SUNNY weather and preparations for the World Cup helped retail sales rise on a like-for-like basis in May, but nervous consumers are still holding off on purchases of big-ticket items, the latest survey from the British Retail Consortium (BRC) reveals today.
On a like-for-like basis, retail sales values rose 0.8 per cent in May on a year earlier, when sales had fallen by 0.8 per cent. In the three months to May, like-for-like sales were 1.2 per higher.
Food sales grew by one per cent after April’s year-on-year decline caused by the timing of Easter. Non-food sales rose 1.3 per cent as clothing, footwear outdoor DIY and leisure items all benefited from the sunny second half of the month.
Stephen Robertson, director-general of the BRC, said: “The sunnier second half of May provided a welcome boost to overall sales. The warmer weather combined with discounts and promotions encouraged spending on clothing, footwear, outdoor DIY and gardening.”
He added: “Consumer confidence has clearly improved since last year’s lows. But there’s still plenty of uncertainty, which is making customers nervous about buying expensive goods, such as furniture, despite widespread reductions. This month’s emergency Budget should provide more clarity.”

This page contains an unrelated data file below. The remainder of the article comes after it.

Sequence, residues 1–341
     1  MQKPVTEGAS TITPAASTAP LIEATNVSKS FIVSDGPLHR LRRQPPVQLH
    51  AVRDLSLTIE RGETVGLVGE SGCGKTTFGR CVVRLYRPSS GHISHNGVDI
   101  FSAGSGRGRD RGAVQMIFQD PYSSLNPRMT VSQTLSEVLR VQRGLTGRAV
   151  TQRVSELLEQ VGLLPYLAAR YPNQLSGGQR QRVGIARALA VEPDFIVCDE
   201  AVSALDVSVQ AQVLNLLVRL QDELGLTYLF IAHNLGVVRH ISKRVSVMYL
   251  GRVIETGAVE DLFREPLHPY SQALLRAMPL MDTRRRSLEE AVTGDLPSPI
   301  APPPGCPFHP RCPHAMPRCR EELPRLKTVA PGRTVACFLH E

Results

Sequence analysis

The May figures are more indicative of the underlying trend because the past couple of months have been impacted by the timing of Easter, according to Helen Dickinson, head of retail at KPMG, which co-conducted the survey.
Dickinson pointed out that the election campaign didn’t have a significant effect on patterns but warned that many retailers remain reliant on promotional activity to drive footfall and sales.
Non-food, non-store sales – transactions which take place over the internet, or via mail order or phone – surged 21.9 per cent in May on a year earlier. However, the BRC noted that this was against relatively weak growth in May 2009, which was the lowest growth for at least 18 months.
Robertson said: “Customers took advantage of the many online deals and promotions, especially on televisions in the lead-up to the World Cup, as well as clothing and footwear.”
However, the continuing theme is that of nervous consumers. Analysts think this is unlikely to disappear over the coming months as high unemployment, wage freezes and fiscal austerity continue to be felt.